The VR-11 MKII towers use two 15″ Kevlar-Nomex honeycomb woofers, four 8.5″ magnesium mid-basses, two 7″ carbon Kevlar-cellulose Aerogel midrange drivers, two 1.5″ dual-concentric silk ring tweeters, and two 5″ aluminum ribbon supertweeters with all drivers using a proprietary Advanced Motor System with low distortion design. The tower also has a rear-firing 5" aluminum ribbon. They have a stated FR of 10Hz - 100,000 Hz and sensitivity of 99 db when the subwoofer and supertweeter boosts are engaged with a nominal impedence of 8 ohms and weigh in at a massive 700 lbs - each! All the drivers are designed to work on the same frequency impulse so that they blend seamlessly.

This is probably the one system of the day that when I walked into the room, I stopped and said "Woah". I am pretty certain they reserved either two conference rooms opened up or one big room, and it still seemed small with the towers and subs all set up. I sat down and started listening after snapping a few photos and noticed almost right away that the dynamic range for this system was just astounding. Then, as I continued to listen, I was equally awed by the midrange punch that was squeaky clean and crisp as well. Now, add in a good THWUMP in the low end. If that was not enough, I could then start to pick out the little details - the piano keystroke, the ping of the cymbol.... I was simply amazed at all this wrapped into one system.

Then, one of the exhibitors stopped by to chat and I explained my experience so far. I had to raise my voice as it was louder than I thought it was - always a good sign IMO. He said "Get up and move around the room". Well, what I discovered was that it did not matter where I stood in the room - the soundfield AND LPE were virtually the exact same. I sat back down and told him what I thought I heard - and he said "That is right - it is within 1db all around the room". Imagine that. As you may be able to surmise, this was my top performer of the day.

The good news - they make less expensive speakers as well. The VR-33s can be had for $4,500 MSRP - check them out here.


Last edited by ALMFamily; 03-11-13 at 06:51 PM.. Reason: updated to include cost of rack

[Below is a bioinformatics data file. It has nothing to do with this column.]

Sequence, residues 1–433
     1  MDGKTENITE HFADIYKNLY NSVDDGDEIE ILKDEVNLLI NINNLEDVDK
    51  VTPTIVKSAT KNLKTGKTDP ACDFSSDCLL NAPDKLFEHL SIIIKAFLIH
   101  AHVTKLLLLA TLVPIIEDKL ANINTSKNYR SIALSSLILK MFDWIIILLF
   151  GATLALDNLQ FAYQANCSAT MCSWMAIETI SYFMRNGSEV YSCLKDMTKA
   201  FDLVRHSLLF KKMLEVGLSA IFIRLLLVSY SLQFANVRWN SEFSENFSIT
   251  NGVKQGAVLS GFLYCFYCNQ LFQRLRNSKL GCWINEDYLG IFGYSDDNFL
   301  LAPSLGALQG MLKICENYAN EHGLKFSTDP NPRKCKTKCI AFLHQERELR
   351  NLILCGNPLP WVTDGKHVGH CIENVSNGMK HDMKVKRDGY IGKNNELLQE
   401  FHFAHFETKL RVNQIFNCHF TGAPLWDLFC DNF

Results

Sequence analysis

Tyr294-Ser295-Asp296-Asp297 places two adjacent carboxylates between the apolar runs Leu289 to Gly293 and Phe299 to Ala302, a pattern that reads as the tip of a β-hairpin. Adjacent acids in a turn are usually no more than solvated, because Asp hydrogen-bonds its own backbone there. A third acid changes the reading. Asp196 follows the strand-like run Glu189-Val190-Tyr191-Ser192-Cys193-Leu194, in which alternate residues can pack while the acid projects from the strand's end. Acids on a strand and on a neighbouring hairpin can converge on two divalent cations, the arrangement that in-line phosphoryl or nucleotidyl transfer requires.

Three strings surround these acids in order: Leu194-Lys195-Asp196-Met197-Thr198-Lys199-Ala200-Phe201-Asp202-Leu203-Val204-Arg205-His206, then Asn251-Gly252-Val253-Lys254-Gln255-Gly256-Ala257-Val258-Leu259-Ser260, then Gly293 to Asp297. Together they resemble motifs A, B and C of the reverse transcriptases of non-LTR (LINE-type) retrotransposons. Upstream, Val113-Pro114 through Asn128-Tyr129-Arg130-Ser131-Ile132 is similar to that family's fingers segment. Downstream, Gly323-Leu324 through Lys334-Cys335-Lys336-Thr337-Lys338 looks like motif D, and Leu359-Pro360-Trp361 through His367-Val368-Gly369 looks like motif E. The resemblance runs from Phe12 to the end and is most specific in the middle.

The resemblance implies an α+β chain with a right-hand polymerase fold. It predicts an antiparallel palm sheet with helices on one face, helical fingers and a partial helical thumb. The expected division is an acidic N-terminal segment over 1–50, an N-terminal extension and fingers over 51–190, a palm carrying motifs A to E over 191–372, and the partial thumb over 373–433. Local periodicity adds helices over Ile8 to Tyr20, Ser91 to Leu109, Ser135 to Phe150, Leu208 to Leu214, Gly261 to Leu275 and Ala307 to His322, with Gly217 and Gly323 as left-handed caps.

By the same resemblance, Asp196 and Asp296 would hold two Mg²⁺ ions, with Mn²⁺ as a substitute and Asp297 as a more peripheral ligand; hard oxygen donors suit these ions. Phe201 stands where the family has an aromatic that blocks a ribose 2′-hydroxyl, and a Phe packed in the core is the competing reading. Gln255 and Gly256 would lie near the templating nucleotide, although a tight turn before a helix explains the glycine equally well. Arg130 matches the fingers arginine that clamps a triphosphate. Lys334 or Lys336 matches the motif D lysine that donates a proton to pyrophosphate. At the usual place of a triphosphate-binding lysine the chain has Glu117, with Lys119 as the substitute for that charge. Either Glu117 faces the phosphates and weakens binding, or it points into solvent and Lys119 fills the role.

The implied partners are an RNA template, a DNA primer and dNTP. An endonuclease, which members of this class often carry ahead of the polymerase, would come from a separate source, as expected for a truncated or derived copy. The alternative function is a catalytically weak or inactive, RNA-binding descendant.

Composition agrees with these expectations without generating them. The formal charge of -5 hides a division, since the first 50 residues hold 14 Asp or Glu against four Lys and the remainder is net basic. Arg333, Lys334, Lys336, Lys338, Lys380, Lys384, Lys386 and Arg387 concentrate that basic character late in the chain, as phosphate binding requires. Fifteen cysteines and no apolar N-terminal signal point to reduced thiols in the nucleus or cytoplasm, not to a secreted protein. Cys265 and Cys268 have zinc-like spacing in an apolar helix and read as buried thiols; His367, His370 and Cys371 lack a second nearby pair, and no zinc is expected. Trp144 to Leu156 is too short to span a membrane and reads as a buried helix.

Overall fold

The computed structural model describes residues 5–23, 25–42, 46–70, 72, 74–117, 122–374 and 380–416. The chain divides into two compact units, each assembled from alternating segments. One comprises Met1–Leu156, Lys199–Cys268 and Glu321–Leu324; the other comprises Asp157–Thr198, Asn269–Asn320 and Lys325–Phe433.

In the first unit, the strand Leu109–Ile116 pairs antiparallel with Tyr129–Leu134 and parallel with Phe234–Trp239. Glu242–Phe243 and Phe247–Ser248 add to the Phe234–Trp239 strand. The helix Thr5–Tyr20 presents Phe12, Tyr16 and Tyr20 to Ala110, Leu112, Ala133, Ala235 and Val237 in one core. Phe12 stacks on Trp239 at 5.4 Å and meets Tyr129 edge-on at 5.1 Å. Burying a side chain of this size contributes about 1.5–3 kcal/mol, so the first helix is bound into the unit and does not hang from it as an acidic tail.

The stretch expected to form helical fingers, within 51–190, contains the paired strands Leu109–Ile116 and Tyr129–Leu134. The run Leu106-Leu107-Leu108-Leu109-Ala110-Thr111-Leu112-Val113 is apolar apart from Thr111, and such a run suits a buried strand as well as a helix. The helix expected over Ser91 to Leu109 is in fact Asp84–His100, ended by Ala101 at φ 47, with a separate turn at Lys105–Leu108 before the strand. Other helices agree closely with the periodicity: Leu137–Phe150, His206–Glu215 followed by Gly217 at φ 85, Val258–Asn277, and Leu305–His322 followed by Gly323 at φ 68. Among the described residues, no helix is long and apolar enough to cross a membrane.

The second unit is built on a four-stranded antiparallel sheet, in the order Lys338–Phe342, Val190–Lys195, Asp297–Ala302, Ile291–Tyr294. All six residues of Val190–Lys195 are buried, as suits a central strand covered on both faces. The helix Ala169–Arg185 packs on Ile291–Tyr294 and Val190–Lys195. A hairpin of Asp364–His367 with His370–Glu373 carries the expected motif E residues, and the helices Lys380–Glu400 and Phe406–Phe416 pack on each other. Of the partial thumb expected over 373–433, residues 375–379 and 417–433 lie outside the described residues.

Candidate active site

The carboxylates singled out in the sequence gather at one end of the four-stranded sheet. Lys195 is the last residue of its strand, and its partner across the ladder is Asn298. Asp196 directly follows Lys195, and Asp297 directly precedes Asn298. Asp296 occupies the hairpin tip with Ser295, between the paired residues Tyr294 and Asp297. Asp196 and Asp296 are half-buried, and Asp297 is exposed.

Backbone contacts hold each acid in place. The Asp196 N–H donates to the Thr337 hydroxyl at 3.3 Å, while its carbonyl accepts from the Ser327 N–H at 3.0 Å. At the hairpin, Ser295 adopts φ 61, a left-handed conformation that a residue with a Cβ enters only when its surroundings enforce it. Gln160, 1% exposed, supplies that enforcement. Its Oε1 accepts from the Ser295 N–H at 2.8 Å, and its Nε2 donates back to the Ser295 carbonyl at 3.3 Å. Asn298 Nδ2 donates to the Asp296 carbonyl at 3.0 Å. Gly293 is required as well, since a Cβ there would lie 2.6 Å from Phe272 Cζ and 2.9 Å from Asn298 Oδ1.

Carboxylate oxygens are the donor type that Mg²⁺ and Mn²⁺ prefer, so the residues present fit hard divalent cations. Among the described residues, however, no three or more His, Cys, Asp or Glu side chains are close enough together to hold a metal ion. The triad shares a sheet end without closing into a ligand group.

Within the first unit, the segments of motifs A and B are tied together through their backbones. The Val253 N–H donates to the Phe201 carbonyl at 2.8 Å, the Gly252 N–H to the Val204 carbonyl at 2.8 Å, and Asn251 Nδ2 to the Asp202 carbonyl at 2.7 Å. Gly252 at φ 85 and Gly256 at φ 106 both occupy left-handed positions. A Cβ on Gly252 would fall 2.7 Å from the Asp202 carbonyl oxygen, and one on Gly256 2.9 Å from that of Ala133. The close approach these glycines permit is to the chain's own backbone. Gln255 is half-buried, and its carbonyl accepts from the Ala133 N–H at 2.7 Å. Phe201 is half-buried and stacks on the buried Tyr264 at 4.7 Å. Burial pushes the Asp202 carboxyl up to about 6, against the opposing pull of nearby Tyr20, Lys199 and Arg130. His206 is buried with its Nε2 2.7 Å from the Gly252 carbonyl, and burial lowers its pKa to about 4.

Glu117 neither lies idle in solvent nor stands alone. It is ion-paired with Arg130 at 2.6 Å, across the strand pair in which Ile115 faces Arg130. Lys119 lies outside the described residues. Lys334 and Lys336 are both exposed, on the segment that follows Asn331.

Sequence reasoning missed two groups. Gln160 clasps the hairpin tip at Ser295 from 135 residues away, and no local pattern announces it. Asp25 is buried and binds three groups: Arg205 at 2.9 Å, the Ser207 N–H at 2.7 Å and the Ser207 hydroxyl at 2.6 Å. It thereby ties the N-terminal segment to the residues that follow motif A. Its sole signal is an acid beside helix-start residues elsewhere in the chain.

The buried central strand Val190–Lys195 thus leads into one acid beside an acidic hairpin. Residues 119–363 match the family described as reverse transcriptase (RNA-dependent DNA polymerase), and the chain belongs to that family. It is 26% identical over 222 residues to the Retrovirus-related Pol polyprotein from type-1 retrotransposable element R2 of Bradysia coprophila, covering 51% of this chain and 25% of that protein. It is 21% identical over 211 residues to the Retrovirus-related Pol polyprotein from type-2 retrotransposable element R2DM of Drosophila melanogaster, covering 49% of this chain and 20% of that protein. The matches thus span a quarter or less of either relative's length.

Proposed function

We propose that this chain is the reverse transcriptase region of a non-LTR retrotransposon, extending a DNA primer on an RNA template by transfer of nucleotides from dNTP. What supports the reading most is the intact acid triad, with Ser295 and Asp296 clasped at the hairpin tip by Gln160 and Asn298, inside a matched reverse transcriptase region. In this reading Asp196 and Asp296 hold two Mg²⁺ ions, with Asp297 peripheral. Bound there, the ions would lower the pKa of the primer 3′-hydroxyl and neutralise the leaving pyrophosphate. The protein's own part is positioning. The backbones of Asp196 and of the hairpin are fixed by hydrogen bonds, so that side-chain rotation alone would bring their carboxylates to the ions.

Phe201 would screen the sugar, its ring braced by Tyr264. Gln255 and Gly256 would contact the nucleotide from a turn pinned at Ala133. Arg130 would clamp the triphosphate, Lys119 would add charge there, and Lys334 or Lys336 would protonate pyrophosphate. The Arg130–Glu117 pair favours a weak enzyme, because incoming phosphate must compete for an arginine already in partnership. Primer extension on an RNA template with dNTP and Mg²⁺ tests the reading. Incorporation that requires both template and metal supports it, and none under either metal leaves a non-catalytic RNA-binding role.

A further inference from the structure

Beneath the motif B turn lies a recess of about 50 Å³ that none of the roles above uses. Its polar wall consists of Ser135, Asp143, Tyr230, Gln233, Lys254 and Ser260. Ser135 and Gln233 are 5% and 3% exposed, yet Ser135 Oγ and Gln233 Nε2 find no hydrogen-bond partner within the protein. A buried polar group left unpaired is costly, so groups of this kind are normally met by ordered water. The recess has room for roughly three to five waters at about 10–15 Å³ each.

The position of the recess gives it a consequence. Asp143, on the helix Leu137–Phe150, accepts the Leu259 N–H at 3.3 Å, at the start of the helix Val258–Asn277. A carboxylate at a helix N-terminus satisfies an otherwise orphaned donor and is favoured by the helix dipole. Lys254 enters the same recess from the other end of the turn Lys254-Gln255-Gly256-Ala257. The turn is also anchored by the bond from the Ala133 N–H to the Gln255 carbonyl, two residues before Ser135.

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Old 03-11-13, 05:13 PM   #17
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Re: AXPONA 2013 Show Report by Joe Alexander of HTS


My last stop of the day was at an exhibitor's room whose products I was familiar with - Salk Sound. The system equipment was provided by Audio by Van Alstine. Here are a few photos:

Jim Salk brought three speakers - the Supercharged Songtowers (in white), the Soundscape 8s, and the Salk Silk Bookshelfs:



A closer view:



The system configuration included:

Equipment Component MSRP
Source Salk StreamPlayer $1,299
DAC AVA Fet Valve Hybrid DAC $2,499
Preamp Fet Valve Hybrid Preamplifier $2,499
Amp AVA Fet Valve 600R $3,499
Interconnects Various
Speaker cables Salk custom NFS
ABX Switch AVA prototype $1,499


The Soundscape 8s use the RAAL tweeter, an Accuton midrange, two custom 8" long-throw woofers, and two 12" passive radiators. The stated FR is 25 Hz - 60,000 Hz with a sensitivity of 87 db. Next, the Supercharged Songtowers use a RAAL tweeter and two Seas Excel W15 mid-woofers. The stated FR is 34 Hz - 20,000 Hz with a sensitivity of 88 db. Last, the Salk Silks use a RAAL tweeter and a Scanspeak Illuminator woofer. They are a new speaker that actually is not listed on the website yet.

For those that do not know already, my dedicated room currently uses all Salk speakers - QWT Songtowers, the SongCenter, and 4 SongSurround Is. I have also heard the Songtowers with a RAAL tweeter, the Veracity HT2-TLs and the Soundscape 12s. So, I was really looking forward to hearing some of Jim's other speakers. And, as expected, they did not disappoint. The dynamic range of each of these speakers is quite impressive - if I did not see the entire room, I would have sworn the Silk monitor was crossed to a sub! All of the speakers have the RAAL tweeters, which is synonymous with clarity and detail - you can hear every minute detail. Plus, if you have seen a Salk speaker, you know I do not need to mention the beautiful finishes each of these speakers receive.